Yet Geron, stubbornly, refuses to die. The latest -- and perhaps last -- comeback attempt has the company betting it all on imetelstat in myelofibrosis. The Mayo Clinic is running a small, early-stage study and recently informed Geron that at least two responses to imetelstat were reported in two different dosing cohorts of 11 patients each. A third cohort of patients is now enrolling in the study.
Tefferi will be presenting these interim imetelstat data at the American Society of Hematology (ASH) annual meeting in early December. Geron has already told investors that it will likely start its own multi-center study of imetelstat in myelofibrosis, based on what it believes are promising results from the Mayo study.
I'd caution to wait until we see these Tefferi imetelstat data at ASH before reaching any conclusions about Geron's viability.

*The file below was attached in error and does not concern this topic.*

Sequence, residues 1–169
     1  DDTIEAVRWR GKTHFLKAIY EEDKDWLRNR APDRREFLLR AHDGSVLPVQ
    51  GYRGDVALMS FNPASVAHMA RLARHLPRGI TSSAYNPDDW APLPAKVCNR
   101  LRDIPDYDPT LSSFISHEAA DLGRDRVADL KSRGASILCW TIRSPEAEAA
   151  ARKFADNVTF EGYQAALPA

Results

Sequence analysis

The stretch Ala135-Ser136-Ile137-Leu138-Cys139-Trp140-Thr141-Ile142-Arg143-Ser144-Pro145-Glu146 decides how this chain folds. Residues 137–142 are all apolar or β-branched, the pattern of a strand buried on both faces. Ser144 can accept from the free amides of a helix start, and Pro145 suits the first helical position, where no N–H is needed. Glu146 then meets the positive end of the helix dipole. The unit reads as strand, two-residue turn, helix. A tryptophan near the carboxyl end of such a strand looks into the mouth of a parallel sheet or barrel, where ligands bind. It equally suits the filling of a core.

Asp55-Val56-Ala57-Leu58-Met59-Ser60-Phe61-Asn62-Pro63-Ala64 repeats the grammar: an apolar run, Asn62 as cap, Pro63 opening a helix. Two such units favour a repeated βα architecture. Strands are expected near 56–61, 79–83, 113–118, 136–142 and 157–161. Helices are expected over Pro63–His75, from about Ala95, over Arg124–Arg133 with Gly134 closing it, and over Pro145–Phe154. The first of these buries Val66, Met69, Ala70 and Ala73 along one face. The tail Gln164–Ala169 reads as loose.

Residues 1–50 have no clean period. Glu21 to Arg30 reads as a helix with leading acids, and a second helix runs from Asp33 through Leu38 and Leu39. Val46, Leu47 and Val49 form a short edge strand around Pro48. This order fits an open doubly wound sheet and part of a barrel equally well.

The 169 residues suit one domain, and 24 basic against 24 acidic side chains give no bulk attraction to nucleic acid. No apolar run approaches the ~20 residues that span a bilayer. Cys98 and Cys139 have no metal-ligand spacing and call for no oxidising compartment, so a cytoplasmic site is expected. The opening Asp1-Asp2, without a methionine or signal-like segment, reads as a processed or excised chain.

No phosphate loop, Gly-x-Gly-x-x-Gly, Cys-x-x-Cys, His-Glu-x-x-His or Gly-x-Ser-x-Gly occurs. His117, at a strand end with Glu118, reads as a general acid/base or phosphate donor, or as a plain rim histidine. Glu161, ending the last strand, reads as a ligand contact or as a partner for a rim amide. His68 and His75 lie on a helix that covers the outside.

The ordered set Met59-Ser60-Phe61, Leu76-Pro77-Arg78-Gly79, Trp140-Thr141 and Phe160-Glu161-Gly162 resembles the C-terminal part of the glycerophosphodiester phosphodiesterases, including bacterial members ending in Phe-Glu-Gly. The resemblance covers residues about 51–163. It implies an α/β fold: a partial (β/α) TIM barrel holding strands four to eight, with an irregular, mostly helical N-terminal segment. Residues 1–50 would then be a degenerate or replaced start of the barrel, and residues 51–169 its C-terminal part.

But remember what I said above about investors wanting to own biotech stocks regardless of the risks involved? Well, imetelstat hasn't been declared dead yet officially, which explains why Geron's chart looks like this for the past three months:
GERN data by
$NPSP~ Hey @adamfeuerstein great call on this one. Because of your insight, i sold 10k shares @ $11/shr. Thks!!!— Jeff Jorgenson (@jjjorgen) September 25, 2013You're right, the concerns I raised about insurers pushing back on NPS Pharmaceuticals (NPSP) due to the high cost of Gattex were wrong. NPS has done very well with the Gattex launch and the stock has reacted accordingly: NPSP data by YCharts
I still believe the risk of insurers putting more reimbursement restrictions on high-priced orphan drugs exists, but I admit evidence of a clampdown to date is scant and I was clearly wrong about NPS Pharma. To their credit, my colleagues at TheStreet Jim Cramer and David Peltier have both been enthusiastic supporters of NPS this year. -- Reported by Adam Feuerstein in Boston. Follow Adam Feuerstein on Twitter.